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Thread: advice on cuting a straight line cut using a jigsaw

  1. #1

    advice on cuting a straight line cut using a jigsaw

    I am making a bookshelf with 3 degree angled sides bottom to top. Bottom and top shelves have through tenons. I cut the tenons and now need to remove the piece of waste between each tenon. I made a 3 degree tapered base for the jigsaw to sit on during the cut so the angle will match the sides, but my first cut was terrible. Not even close to straight. I set up the tapered base as a guide for the saw blade while the jigsaw rested on it at the proper angle, but my technique was crap. I think I can salvage it using a rasp and cleaning it up, but hard to maintain that line across the end of the shelf where it meets the side doing it this way and I am concerned it is now short of the other cuts...

    Should I cut proud of the line with the jigsaw and do my best with the rasp to bring it to down to the line?

    Thanks.

    Brian

  2. #2
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    I use a 1x4 straightedge to make long rip cuts with a skilsaw. It should work with a jig saw.

    Home Depot has 72" straight edges.
    https://www.homedepot.com/s/72%2522%...520edge?NCNI-5

  3. #3
    There are at least two potential pitfalls. You need to use a guide for the saw, as Lowell suggested so the saw base is moving in a straight line. The second potential pitfall is that jigsaw blades deflect very easily, especially when cutting thick material. When the blade deflects you will get a wavy cut that is not 90 degrees to the saw base. To minimize this, use a new, sharp blade that has fairly coarse teeth (3-4 teeth per inch) and cut very slowly so the blade has time to remove the waste without deflecting. Also, start the saw with the blade not touching the wood and slowly bring the moving blade up to contact the material. That may mean drilling a starting hole in the waste for clearance. If your jigsaw has an orbital action setting, it usually helps to have it turned on to maximum orbital action, although that may result in a little tearout or splintering on the top edge, so you may have to compromise. Scoring the cut line with a knife can help avoid splintering on the top surface. Some jigsaws come with a zero clearance insert that helps with this too.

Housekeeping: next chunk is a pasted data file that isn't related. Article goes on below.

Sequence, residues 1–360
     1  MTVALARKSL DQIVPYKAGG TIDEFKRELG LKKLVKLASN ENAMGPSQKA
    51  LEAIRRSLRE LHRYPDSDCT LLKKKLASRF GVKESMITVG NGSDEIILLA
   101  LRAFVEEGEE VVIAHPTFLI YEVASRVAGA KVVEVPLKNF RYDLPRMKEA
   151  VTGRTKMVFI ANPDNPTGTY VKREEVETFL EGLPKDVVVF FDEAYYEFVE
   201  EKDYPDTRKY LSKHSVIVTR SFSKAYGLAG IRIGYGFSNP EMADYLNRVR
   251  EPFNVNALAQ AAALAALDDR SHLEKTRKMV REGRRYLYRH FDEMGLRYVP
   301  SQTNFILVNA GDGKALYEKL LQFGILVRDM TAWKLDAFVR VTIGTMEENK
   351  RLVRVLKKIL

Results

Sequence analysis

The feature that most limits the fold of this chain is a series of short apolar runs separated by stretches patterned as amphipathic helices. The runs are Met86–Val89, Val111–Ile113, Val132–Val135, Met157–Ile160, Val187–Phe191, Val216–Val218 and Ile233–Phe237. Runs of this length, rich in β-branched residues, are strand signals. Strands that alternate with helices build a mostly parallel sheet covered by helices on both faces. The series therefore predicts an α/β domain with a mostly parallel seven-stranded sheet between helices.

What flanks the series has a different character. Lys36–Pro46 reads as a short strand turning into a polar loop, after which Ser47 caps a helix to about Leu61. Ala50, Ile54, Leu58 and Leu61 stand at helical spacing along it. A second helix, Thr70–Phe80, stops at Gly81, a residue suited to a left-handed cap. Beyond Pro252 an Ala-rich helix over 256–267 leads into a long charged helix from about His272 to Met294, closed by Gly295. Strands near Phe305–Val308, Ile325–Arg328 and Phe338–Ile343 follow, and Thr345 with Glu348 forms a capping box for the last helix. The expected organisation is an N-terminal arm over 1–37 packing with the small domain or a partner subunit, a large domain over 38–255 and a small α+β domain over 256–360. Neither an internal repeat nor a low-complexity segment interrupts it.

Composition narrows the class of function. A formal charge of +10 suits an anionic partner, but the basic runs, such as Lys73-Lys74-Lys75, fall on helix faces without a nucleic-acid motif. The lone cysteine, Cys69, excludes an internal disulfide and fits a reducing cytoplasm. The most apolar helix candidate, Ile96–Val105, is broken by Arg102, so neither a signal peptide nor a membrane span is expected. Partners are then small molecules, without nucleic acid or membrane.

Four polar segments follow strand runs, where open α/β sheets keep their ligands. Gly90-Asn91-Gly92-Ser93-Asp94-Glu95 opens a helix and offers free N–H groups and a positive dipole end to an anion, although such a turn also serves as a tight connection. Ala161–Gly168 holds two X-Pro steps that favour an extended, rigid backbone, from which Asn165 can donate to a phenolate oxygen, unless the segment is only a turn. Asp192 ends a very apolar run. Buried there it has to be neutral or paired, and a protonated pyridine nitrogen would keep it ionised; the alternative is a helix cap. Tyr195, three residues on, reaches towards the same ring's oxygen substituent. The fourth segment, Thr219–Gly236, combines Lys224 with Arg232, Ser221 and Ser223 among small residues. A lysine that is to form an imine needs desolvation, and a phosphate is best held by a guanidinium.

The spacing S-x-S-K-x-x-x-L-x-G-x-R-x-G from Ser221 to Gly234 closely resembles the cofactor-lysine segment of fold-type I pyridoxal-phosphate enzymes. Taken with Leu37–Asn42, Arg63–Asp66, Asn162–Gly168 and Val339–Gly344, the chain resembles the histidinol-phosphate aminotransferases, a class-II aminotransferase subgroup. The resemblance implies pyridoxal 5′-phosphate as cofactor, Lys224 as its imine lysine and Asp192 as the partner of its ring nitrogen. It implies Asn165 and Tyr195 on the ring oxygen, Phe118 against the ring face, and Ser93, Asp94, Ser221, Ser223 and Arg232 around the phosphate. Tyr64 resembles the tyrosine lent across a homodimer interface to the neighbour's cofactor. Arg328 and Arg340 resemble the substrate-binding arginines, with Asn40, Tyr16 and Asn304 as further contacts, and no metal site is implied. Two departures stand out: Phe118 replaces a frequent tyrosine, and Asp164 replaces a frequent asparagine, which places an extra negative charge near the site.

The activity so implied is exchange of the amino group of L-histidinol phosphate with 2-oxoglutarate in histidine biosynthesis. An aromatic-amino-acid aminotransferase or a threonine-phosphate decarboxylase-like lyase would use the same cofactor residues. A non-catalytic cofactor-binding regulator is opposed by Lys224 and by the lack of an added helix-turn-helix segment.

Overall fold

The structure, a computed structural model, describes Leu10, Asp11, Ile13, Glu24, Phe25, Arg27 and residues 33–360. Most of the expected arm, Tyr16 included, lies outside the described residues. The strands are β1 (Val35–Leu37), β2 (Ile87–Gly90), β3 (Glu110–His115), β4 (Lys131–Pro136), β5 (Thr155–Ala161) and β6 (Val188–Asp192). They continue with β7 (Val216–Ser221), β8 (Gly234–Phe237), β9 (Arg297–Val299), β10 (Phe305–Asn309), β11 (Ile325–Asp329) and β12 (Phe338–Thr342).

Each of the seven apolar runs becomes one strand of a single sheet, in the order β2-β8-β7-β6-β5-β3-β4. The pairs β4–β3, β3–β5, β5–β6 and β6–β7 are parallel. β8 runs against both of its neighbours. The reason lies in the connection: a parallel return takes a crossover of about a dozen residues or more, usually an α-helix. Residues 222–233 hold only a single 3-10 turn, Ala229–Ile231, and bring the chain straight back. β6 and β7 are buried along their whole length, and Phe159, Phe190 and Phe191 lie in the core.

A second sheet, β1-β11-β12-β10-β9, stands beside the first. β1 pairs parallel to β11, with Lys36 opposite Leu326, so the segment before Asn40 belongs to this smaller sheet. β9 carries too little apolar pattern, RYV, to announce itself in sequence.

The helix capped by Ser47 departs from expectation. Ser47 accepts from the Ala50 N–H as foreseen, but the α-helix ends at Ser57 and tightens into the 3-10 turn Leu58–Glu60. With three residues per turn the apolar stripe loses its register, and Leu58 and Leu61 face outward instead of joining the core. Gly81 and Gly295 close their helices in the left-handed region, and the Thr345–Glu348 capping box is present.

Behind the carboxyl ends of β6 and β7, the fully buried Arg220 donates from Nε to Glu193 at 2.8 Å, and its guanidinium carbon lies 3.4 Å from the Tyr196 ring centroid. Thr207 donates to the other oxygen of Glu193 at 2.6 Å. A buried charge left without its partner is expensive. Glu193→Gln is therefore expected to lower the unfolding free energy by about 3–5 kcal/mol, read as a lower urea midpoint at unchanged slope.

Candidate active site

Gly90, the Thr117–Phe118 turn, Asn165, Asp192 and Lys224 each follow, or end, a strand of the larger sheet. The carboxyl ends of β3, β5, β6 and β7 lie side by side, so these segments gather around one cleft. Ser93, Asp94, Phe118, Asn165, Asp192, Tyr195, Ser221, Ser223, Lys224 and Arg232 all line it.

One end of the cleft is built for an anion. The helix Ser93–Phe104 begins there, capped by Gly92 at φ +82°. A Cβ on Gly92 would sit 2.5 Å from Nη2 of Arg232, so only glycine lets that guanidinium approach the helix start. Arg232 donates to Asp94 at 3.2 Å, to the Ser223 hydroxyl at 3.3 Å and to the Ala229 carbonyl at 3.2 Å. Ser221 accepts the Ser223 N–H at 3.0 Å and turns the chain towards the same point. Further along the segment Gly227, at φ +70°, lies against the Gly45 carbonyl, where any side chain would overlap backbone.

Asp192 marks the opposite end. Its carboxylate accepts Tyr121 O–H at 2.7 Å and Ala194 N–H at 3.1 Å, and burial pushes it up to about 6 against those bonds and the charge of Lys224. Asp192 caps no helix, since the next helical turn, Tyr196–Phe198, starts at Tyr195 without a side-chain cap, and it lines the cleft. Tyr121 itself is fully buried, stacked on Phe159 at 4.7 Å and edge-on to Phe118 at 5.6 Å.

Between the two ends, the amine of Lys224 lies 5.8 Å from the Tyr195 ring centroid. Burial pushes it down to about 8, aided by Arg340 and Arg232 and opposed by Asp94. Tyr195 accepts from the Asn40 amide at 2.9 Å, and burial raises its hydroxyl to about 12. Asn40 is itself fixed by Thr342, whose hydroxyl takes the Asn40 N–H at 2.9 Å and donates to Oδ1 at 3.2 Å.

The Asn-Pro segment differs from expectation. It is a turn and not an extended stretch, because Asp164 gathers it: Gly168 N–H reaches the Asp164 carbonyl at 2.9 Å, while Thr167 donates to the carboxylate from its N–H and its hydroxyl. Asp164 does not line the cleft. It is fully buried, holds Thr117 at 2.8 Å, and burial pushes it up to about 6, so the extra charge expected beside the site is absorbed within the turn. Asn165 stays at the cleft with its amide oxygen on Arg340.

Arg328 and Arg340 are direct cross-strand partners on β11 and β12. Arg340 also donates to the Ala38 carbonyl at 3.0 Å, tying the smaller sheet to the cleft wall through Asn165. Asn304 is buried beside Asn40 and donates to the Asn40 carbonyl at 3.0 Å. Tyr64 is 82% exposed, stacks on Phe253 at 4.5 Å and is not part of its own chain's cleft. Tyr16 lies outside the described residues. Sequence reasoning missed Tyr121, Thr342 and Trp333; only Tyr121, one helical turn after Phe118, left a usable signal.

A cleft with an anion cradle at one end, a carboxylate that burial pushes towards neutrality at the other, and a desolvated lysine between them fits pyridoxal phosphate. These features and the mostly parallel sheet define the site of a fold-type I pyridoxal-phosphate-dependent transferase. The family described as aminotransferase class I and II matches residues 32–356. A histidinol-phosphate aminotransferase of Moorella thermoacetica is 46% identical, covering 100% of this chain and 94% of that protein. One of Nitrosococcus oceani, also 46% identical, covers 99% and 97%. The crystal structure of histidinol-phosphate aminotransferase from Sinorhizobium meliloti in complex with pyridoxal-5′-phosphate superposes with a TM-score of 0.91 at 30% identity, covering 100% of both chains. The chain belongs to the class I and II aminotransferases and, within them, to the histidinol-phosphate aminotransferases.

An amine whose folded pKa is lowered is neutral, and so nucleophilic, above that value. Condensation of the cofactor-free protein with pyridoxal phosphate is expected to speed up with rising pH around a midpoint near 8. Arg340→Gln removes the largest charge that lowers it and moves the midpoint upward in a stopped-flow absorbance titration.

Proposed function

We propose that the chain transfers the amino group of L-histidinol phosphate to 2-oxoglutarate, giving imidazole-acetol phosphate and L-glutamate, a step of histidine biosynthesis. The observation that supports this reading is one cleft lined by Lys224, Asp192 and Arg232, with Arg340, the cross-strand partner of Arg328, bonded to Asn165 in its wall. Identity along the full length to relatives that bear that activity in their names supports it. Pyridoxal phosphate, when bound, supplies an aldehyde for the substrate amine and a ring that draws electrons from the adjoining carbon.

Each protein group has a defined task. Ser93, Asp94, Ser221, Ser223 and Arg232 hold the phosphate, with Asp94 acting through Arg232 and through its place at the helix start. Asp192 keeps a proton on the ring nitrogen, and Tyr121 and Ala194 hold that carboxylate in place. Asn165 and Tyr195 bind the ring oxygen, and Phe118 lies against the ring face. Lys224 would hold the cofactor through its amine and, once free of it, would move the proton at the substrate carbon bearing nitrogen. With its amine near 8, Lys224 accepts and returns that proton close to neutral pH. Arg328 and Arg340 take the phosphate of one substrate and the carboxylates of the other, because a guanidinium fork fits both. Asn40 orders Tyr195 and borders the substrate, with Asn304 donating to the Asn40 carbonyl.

--Certainty is the refuge of a small mind--

  4. #4
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    Brian, Please forgive me but I am having a hard time visualizing what you are trying to do. Maybe a sketch or a photo might help clear it up. I suspect you may be asking about how to cut a mortise with walls that are not perpendicular to the face of the board you are working on.

    Not knowing exactly what it is your trying to do, I only have a question that may (or may not) guide you to a solution. Instead of using a rasp, would a sharp chisel work better? Often times you can cut a thick guide block to act as a straight straight-edge to register the back of the chisel against. If you need to have the wall of the hole angled relative to the surface you clamp the block to, you just angle (bevel or taper etc.) the registration face of your guide block accordingly.